Early Life BMI Plays Role in Future Diabetes and CVD Risk, Regardless of Adult BMI

Using 24 years of follow-up data from more than 12k adolescents provides insight into the impact of childhood BMI z-scores on risk of adverse health outcomes, including development of diabetes and premature myocardial infarction, in adulthood.

A letter published in the Journal of the American College of Cardiology is calling attention to the need for new strategies to address the rising obesity epidemic in younger populations.

Using 24 years of follow-up data from more than 12,000 adolescents, investigators from the University of California San Francisco (UCSF) detail the increased risk of diabetes, hypertension, heart attack, and poorer health associated with each incremental increase in BMI z-score among adolescent patients.

“Our study suggests that adolescence is an important time period to optimize health and prevent early heart attacks. Pediatricians should encourage teens to develop healthy behaviors including physical activity and balanced meals," said lead investigator Jason M. Nagata, MD, MSc, Assistant Professor of Pediatrics in the Division of Adolescent and Young Adult Medicine at UCSF, in a statement.

With an interest in adding to the current knowledge base surrounding adolescent BMI and future health outcomes, Nagata and team of UCSF colleagues sought to assess prospective associations between adolescent BMI and adverse health outcomes later in life using nationally representative data from the US. To do so, the team designed their study as an analysis of data from within the National Longitudinal Study of Adolescent to Adult Health (Add Health), which recorded data from more than 20,000 adolescents from 1994-1995 to 2016-2018.

After exclusion of those with missing information or who did not have follow-up data in adulthood, investigators identified a cohort of 12,300 patients for inclusion in their analyses. This cohort was 51.4% women and 34.2% identified as a racial/ethnic minority. The mean baseline BMI of the study cohort was 22.5 kg/m2 and the standard deviation was 4.5.

When assessing data from the 24-year follow-up, results indicated each 1-unit higher BMI z-score in adolescence was associated with a 4.17 kg/m2 greater BMI in adulthood. Adjusted analyses suggested BMI z-score was prospectively associated with overall poor self-reported general health (aOR, 1.49; 95% CI, 1.31-1.70; P <.001), development of diabetes (aOR, 2.35; 95% CI, 2.11-2.63; P <.001), hypertension (aOR, 1.55; 95% CI, 1.45-1.64; P <.001), hyperlipidemia (aOR, 1.24; 95% CI, 1.15-1.34; P <.001), premature myocardial infarction (aOR, 1.77; 95% CI, 1.41-2.24; P <.001), premature heart failure (aOR, 1.81; 95% CI, 1.37-2.40; P <.001), asthma (aOR, 1.12; 95% CI, 1.07-1.18; P <.001), cancer (aOR, 1.18; 95% CI, 1.05-1.34; P=.008) and obstructive sleep apnea (aOR, 1.64; 95% CI, 1.53-1.77; P <.001).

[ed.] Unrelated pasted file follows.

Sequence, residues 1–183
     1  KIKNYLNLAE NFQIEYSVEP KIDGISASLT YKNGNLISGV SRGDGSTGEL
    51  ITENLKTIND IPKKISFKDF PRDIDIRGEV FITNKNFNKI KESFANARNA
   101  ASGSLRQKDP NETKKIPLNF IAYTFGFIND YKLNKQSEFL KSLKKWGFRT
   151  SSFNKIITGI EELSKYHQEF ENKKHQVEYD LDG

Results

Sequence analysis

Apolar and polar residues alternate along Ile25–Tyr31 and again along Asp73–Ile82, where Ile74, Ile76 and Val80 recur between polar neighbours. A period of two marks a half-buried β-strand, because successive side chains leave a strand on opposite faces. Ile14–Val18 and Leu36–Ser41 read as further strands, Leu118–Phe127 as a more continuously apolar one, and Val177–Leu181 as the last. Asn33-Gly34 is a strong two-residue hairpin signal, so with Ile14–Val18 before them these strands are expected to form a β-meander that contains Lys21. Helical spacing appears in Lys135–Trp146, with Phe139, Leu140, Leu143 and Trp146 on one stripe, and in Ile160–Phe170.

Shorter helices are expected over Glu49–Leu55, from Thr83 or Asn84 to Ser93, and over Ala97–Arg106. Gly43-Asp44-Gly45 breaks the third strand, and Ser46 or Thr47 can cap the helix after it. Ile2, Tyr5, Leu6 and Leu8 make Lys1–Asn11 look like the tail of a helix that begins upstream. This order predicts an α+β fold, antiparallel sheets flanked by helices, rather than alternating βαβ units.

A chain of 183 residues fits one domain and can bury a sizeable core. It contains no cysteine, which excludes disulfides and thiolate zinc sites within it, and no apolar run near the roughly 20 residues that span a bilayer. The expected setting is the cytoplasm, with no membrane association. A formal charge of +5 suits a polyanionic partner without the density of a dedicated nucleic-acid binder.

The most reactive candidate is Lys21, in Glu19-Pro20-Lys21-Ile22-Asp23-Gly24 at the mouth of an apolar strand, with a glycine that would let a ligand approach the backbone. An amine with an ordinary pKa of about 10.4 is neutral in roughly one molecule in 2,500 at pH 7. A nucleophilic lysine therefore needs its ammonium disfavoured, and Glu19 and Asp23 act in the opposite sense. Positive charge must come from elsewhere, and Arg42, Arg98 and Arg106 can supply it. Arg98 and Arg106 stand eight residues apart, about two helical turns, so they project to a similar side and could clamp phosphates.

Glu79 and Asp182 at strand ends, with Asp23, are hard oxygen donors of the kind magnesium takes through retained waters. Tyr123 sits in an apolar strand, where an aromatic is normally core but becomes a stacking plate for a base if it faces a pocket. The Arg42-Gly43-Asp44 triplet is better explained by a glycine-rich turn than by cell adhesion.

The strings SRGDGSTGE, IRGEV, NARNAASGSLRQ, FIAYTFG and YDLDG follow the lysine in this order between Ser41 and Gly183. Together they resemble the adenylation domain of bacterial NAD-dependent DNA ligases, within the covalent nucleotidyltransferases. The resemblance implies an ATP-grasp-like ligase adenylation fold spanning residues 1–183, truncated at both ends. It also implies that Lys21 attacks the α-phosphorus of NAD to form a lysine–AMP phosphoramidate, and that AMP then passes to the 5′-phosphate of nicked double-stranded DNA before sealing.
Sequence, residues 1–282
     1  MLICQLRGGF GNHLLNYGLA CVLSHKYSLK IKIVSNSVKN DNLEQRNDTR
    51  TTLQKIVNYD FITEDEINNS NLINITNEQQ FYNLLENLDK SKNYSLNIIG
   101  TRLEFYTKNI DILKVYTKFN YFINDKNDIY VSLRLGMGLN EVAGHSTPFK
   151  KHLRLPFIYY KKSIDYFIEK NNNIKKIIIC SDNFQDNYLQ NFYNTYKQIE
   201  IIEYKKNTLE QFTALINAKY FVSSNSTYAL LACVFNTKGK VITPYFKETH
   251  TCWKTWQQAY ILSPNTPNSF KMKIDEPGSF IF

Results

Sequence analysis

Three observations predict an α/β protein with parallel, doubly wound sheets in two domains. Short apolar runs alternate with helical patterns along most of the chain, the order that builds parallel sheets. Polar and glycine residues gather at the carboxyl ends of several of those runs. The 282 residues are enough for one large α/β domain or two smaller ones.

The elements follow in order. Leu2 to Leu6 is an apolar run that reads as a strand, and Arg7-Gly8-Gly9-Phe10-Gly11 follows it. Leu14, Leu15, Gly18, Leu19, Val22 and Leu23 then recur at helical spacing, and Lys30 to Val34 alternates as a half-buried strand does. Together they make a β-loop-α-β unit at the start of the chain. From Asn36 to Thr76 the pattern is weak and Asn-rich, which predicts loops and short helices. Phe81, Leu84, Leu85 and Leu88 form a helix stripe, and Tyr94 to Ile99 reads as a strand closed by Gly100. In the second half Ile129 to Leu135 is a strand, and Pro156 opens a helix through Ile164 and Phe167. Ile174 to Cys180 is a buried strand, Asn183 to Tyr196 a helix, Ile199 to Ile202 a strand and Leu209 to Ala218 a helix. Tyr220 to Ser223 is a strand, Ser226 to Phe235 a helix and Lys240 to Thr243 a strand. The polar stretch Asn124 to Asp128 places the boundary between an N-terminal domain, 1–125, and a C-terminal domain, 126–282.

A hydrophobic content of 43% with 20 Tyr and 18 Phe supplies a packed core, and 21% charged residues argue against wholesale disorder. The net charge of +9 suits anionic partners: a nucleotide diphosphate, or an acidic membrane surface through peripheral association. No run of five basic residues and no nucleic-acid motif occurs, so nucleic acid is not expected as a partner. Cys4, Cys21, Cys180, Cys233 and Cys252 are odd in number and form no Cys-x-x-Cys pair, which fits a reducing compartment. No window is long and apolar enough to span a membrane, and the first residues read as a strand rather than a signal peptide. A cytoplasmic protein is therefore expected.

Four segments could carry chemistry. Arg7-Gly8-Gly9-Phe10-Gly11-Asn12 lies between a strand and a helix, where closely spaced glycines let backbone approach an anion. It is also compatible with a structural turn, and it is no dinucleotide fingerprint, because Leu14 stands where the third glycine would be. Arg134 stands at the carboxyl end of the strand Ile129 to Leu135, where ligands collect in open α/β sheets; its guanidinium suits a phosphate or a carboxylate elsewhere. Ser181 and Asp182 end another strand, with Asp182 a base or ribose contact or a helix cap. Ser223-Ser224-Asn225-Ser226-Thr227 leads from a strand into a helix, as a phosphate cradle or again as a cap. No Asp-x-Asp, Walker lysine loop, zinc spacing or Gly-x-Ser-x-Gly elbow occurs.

Investigators also pointed out analyses adjusting for adult BMI indicated adolescent BMI z-score was independently associated with poor general health (aOR, 1.23; 95% CI, 1.05-1.445; P=.010), development of diabetes (aOR, 1.56; 95% CI, 1.36-1.79; P <.001), and premature myocardial infarction (aOR, 1.66; 95% CI, 1.25-2.22; P <.001) in adulthood.

"The finding that adolescent BMI is a risk factor for poor health outcomes in adulthood, regardless of adult BMI, has significant implications for our understanding of cardiovascular disease onset," added Nagata. "Considering these findings, health care providers should consider BMI history when assessing for cardiovascular and chronic disease risk."

This study, “Adolescent Body Mass Index and Health Outcomes at 24-Year Follow-Up: A Prospective Cohort Study,” was published in the Journal of the American College of Cardiology.